While I’m away, readers give the advice.
On dealing with historically mean elders, Part 1: My cruel stepmother outlived my father. When he died, I thought I would be done with her. But I just couldn’t do it.
My decision while she was living and as she neared the end was a version of warm civility. I called her on the phone to chat monthly, sent birthday and Mother’s Day cards and visited when I was in her town. Did I really want to? No. Am I glad I did? Yes.
I realized years ago that she was who she was and that she was largely oblivious to the collateral damage of her behavior. It wasn’t pleasant, but it wasn’t about me either. So I just let it go.
Part 2: It would be very hard to forgive. What I always think about, however, is that when you are dealing with an elderly or dying parent or in-law, you are teaching your children how to treat you.
Part 3: Why do young women put up with cruel treatment?
Bullies often crumple when faced with resistance.
In my own case, my husband’s parents were vile (his word) to me before we married. I made only one token visit to them after we married and said, “Never again!”
I know this might be too extreme for most young people to pull off, particularly if children are involved. But they will have, sooner or later, as children come and their relatives age, the power in these relationships.
Don’t Tread on Me
On people who don’t say, “Thank you”: I used to be “quirky” like that. My problem was that I felt overwhelmed with guilt if anyone gave me something because I believed I was unworthy – low self-esteem – and because I felt paralyzed by the sense that a mere “thank you” would be woefully inadequate to compensate the gift-giver for her kindness.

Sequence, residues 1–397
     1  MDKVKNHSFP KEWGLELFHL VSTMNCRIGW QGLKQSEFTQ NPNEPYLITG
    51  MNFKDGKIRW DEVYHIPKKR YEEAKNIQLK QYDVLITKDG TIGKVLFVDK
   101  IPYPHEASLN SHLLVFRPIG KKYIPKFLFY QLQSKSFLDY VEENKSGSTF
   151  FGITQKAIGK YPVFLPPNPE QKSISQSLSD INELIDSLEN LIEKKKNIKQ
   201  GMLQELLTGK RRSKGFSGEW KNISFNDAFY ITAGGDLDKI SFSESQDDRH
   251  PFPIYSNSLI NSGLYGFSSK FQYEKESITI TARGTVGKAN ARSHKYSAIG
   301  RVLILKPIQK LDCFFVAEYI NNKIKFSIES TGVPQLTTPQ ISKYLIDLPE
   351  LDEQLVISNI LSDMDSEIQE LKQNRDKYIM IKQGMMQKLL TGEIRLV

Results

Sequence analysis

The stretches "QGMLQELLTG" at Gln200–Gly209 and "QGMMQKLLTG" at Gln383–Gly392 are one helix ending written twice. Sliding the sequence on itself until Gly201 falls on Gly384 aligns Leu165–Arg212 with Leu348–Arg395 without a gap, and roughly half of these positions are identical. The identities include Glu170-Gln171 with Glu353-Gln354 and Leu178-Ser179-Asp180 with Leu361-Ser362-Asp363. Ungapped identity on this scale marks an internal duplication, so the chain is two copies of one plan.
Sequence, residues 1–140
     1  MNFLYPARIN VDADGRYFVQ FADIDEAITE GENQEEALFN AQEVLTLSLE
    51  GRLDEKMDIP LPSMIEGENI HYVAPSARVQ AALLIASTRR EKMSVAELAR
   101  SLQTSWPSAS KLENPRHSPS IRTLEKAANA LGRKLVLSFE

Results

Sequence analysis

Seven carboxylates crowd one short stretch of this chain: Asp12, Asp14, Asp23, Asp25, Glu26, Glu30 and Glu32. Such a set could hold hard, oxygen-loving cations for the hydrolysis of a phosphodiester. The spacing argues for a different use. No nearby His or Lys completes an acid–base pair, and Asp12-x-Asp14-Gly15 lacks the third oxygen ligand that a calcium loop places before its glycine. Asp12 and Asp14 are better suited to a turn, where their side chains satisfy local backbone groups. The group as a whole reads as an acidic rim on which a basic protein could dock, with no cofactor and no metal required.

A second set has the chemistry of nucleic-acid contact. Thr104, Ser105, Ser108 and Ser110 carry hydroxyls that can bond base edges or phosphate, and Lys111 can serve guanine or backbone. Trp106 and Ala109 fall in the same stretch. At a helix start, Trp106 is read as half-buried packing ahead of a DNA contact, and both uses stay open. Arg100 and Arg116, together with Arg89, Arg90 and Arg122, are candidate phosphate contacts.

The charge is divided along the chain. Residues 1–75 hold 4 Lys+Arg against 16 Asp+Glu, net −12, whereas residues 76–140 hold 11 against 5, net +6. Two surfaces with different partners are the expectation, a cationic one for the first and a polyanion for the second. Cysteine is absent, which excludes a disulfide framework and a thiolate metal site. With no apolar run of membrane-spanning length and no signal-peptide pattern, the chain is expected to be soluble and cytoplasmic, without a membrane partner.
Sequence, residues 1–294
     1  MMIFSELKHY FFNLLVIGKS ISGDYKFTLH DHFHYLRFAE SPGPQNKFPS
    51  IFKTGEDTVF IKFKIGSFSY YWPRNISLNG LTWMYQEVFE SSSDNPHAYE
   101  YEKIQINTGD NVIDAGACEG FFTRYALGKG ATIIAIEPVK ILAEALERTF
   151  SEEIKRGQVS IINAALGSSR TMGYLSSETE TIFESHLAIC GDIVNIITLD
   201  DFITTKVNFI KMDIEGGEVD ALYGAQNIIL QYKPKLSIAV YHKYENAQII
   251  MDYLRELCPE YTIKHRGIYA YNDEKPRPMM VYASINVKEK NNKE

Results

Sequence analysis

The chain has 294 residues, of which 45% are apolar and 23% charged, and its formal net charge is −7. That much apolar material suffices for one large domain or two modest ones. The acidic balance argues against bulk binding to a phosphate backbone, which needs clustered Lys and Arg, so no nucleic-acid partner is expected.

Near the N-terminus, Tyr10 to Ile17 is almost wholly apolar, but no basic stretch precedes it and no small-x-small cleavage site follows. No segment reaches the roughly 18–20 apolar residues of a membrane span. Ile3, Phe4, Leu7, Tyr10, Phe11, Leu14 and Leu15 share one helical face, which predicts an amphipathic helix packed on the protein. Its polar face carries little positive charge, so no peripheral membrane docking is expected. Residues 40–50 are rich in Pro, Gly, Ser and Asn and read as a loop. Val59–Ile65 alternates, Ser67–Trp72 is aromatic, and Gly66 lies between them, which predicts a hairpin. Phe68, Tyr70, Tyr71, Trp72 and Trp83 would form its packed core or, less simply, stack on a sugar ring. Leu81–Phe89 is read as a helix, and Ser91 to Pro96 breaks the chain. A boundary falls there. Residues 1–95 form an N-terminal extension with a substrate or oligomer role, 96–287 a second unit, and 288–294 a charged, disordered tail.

Basically, I felt enormous anxiety at receiving a gift, and responded by freezing.
Perhaps this will help people with normal self-esteem speculate why recipients of gifts can have a hard time looking at their givers in the eye, and expressing gratitude.
On the power of attention: A friend with three siblings told me this story: When her father arrived home from work each day, he and his wife immediately retired to their bedroom for “alone time” for one hour. The children were told not to disturb them except for a genuine emergency because this was Mommy and Daddy’s special time for themselves. They might have cocktails along with conversation of the day’s events, just sit and cuddle or whatever … but her parents were “off limits” until that hour was over.
I heard this story after my own husband died but had I known, I would have tried it. The most precious gift you can give someone is your undivided attention; unfortunately, we spread ourselves too thin and waste our chance for true intimacy.
Email Carolyn at firstname.lastname@example.org or chat with her online at 10 a.m. each Friday at www.washingtonpost.com.